PSU $5.7 million grant to help families and youth avoid substance abuse, behavior problems

December 05, 2007

Penn State University has received a $5.7 million federal grant from the National Institute on Drug Abuse (NIDA) to continue the development of community partnerships that strengthen families and help young people avoid substance abuse and behavioral problems.

The new award will support PROSPER - PROmoting School-community-university Partnerships to Enhance Resilience - for an additional five years. The total award to Penn State and its partner, Iowa State University, is $11.6 million.

Since 2002, in collaboration with Iowa State and through partnerships established with local communities and assisted by Penn State Extension, the Penn State Prevention Research Center (PRC) has been conducting research to promote capable and healthy youths, adults and families. PROSPER seeks to strengthen families and communities, promote positive youth development, and reduce youth substance use and other problem behavior - literally helping families and their communities "prosper" through various intervention methods recommended by Penn State researchers.

"The rates of youth substance abuse and related problems in both rural and urban areas continue to be high," said Penn State researcher and PRC Director Mark Greenberg, who also directs PROSPER. "Although there are now skill-building and family strengthening programs proven to address these problems, they continue to be underutilized. NIDA's ongoing support for our project is an indication they believe our partnership model is a promising strategy for supporting the long-term, quality delivery of scientifically validated prevention programs."

The initial phase of the PROSPER project involved more than 6,000 youth in 14 Pennsylvania communities and more than 6,000 youth in Iowa communities. Richard Spoth, director of the Partnerships in Prevention Science Institute, and his team at Iowa State, collaborated with Penn State in implementing the project in 14 Iowa communities. The PROSPER project has now reached more than 12,000 youths in the two states.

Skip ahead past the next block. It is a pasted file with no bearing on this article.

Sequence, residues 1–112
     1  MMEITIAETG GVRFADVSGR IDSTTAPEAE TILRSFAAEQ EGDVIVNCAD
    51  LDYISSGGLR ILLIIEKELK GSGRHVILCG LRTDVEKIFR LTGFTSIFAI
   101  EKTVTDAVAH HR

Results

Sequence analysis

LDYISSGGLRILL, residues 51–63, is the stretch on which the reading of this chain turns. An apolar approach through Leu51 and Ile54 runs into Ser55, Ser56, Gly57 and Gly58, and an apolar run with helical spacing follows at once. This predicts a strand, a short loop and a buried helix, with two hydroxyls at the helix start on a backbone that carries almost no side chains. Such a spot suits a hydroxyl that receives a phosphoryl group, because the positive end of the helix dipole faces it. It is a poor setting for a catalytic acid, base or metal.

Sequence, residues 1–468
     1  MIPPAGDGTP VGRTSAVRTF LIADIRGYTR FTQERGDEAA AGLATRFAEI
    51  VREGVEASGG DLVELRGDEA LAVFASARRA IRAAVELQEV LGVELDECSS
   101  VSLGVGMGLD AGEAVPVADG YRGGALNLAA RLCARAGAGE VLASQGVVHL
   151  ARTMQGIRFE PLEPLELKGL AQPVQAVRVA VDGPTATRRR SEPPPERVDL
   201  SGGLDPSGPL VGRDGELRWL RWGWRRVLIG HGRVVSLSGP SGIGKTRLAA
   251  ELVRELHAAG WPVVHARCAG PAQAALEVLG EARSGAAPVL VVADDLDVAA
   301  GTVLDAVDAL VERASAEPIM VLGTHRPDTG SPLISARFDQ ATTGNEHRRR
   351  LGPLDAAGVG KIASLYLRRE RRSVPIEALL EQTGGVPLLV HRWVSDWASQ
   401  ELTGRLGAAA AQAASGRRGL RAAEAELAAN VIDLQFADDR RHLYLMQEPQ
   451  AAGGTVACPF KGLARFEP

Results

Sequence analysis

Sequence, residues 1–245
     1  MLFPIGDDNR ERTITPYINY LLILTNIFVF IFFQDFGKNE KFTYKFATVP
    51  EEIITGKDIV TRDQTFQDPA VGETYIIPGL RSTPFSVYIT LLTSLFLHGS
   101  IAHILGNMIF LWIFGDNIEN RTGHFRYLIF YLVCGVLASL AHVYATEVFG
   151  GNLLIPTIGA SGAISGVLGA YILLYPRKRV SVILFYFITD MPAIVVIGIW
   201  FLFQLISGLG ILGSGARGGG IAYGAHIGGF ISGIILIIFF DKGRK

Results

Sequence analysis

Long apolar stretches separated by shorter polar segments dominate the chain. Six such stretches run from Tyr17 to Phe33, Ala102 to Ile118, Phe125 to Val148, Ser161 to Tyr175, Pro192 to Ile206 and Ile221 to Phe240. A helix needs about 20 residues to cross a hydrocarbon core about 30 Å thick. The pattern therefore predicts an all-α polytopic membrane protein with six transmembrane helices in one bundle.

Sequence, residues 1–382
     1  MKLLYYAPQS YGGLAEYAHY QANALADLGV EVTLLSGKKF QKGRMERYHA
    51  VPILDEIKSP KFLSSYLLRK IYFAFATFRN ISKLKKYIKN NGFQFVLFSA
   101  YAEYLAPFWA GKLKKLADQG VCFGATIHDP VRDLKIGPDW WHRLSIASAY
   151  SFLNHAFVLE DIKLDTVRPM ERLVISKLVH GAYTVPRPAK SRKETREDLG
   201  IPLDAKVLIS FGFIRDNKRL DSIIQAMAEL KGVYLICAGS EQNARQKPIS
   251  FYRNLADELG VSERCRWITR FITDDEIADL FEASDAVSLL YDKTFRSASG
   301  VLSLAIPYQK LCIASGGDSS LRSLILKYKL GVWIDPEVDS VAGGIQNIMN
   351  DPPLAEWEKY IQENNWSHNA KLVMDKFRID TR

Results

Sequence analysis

Researchers have shown positive outcomes from the first phase of the project through a number of studies published in professional journals, documenting improvements in family functioning and lower levels of adolescent substance use where programs have been delivered. Their results also have shown effective community partnership mobilization, successful local recruitment of community families for the program, high-quality delivery of validated prevention programs, and successful community fund-raising to sustain the community programs.

"PROSPER can make a difference in the lives of Pennsylvania youth, families and communities," Greenberg said. "The project helps give families and youth the skills to promote the development of young people into healthy adults."

PROSPER is intended to be a model for a national network of partnerships, Greenberg added. The project also will examine ways to sustain the local programs after grant funding has ended.

"Children and youth are our nation's most valuable resource," said Daney Jackson, Director of Penn State Cooperative Extension. "Unfortunately, a significant number are at risk because of substance use and other social problems. Schools alone can't solve these complex problems. What can make a difference are partnerships involving university Extension staff, schools, families and other concerned local citizens -- like the ones we have established through this program."

Graham Spanier, president of Penn State, said, "I consider PROSPER to be a very innovative project that is bringing together research faculty and extension staff to show the true engagement of the university with schools and communities."

The leaders of the PROSPER project in Pennsylvania are Dr. Mark Greenberg, PRC Director; Dr. Mark Feinberg and Dr. Janet Welsh, PRC Research Associates; and Dr. Daniel Perkins and Dr. Claudia Mincemoyer, College of Agricultural Sciences.
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Penn State

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